A French tourist jailed in Iran since last year has begun a hunger strike to protest against mistreatment in prison, according to his sister and his lawyer.
Benjamin Brière, 36, was arrested in May 2020 after taking pictures in a desert area where photography is prohibited and asking questions on social media about Iran’s obligatory Islamic headscarf for women.
Brière was charged in March this year with spying and “spreading propaganda against the system."
He began a hunger strike on Saturday after “one more mistreatment” after he was denied access to a phone call with his family on Christmas Day, his sister, Blandine Brière, told The Associated Press on Monday. He wants to “protest ... and therefore put his health at risk to move things forward,” she said.
“At the moment, we don’t see any move, we have no hope of change, of freedom,” she deplored.
Blandine Brière described the “difficult” situation of her brother, who doesn't speak the local language, in the prison of the northeastern city of Mashahd, including “psychological torture” when guards promise him a phone call and later say no.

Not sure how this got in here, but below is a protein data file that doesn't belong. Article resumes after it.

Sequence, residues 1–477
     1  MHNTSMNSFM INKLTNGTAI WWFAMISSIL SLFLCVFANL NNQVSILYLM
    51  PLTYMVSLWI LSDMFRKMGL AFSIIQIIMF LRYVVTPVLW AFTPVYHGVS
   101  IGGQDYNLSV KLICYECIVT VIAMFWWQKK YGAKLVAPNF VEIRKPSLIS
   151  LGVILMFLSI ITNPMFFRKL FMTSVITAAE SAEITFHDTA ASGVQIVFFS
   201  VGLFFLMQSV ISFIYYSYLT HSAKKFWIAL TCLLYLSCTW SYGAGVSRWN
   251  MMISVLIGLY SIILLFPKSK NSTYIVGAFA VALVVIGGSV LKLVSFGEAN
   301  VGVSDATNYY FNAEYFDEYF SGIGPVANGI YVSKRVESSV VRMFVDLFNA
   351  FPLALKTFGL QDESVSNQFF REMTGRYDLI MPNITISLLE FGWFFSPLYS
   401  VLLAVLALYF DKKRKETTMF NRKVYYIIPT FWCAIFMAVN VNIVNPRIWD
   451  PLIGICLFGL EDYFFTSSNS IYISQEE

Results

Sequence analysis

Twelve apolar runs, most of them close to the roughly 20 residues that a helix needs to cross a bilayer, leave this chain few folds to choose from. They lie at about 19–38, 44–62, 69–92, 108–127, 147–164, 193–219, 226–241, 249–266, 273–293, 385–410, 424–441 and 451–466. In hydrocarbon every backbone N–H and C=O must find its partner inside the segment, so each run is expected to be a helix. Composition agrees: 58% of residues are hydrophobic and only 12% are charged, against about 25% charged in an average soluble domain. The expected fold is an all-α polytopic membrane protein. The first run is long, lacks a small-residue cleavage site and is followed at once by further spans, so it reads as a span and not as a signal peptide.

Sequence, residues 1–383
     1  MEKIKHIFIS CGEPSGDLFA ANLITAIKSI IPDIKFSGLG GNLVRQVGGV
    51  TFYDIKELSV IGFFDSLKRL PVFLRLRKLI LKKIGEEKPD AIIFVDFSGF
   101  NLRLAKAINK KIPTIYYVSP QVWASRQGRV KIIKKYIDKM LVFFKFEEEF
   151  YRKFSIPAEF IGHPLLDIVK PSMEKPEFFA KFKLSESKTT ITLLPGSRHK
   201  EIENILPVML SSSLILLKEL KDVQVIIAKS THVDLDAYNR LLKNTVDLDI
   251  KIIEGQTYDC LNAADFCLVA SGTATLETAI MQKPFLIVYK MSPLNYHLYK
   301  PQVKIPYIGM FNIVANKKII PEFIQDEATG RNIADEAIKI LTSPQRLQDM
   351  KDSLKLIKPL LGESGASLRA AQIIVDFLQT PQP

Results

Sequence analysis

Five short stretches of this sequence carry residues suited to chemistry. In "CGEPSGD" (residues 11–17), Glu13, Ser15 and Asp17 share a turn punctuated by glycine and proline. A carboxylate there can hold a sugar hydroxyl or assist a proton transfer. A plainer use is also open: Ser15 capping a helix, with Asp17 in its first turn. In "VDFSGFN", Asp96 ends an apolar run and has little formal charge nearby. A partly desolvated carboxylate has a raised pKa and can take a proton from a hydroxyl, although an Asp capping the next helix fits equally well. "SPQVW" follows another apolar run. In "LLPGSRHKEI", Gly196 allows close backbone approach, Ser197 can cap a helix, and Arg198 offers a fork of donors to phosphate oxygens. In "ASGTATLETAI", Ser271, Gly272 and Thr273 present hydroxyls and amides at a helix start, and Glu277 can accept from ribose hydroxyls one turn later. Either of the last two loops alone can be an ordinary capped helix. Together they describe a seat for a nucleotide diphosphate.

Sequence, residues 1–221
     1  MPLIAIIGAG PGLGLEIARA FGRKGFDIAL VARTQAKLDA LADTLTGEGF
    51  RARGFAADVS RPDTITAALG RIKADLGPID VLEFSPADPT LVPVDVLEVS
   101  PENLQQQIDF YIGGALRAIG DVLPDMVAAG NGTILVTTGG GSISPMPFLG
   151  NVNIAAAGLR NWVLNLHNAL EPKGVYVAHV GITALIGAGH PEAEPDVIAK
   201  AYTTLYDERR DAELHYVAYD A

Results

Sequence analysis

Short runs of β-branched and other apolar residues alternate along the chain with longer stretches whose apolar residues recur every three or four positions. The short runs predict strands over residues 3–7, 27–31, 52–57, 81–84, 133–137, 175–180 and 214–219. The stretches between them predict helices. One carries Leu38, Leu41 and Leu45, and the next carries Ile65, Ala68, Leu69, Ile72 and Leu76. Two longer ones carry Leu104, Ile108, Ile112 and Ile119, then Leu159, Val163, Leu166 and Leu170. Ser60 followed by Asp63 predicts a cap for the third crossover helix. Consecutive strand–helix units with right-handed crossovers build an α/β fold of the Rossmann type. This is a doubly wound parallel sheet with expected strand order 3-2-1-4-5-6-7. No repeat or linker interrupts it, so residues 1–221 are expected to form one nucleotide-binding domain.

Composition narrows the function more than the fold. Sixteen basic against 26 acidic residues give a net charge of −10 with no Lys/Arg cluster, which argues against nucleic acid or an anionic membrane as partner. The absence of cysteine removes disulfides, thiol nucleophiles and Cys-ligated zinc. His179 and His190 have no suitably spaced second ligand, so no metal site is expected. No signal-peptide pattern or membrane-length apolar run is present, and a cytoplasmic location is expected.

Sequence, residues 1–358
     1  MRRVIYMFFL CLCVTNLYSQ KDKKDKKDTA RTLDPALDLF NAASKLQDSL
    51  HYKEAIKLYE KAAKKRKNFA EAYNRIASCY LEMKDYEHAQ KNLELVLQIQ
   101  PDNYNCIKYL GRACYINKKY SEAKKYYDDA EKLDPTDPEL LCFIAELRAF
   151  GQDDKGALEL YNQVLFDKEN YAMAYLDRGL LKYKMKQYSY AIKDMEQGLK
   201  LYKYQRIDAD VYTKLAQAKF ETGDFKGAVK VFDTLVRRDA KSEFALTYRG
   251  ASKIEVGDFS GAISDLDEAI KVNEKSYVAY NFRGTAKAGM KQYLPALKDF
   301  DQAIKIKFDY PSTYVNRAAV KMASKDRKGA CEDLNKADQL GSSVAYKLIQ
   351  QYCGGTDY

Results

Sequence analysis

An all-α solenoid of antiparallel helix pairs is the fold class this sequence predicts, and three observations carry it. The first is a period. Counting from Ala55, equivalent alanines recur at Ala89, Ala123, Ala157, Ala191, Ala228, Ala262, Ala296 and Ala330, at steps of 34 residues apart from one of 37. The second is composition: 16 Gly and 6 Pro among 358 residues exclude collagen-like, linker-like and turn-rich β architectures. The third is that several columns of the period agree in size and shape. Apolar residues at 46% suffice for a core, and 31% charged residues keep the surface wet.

“Physically he was doing OK (until now), but morally he has really started to sink,” she said. “It's getting critical. It is really a desperate call for help.”
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A statement from Benjamin Brière's Paris-based lawyer, Philippe Valent, said “the feeling of abandonment and distress" has led him "to embark on a hunger strike in order to alert Iranian authorities and French authorities about the absurdity of his detention.”
Brière has never been brought before a judge and no date for a trial has been set, the statement said. He is “not a spy nor a criminal, but a tourist whose travel is continuing in an aberrant and unfair way in Iranian prisons,” it added.
The French Foreign Ministry said in a statement Monday that French officials in Paris and Tehran have been very closely monitoring the situation and that Brière has been contacted by the French Embassy on Monday.
There was no immediate comment from Iranian officials.
Rights groups accuse hard-liners in Iran’s security agencies of using foreign detainees as bargaining chips for money or influence in negotiations with the West. Tehran denies it, but there have been such prisoner exchanges in the past.
In March 2020, Iran and France swapped French researcher Roland Marchal for Iranian engineer Jalal Ruhollahnejad.
Marchal was arrested in June 2019 alongside fellow researcher Fariba Adelkhah, an anthropologist with dual French-Iranian citizenship. Adelkhah, who was given a five-year sentence for “gathering and collusion” against Iran’s security, was granted a furlough with no deadline in October 2020 and is required to stay at her sister's house in Tehran and wear an electronic monitoring bracelet.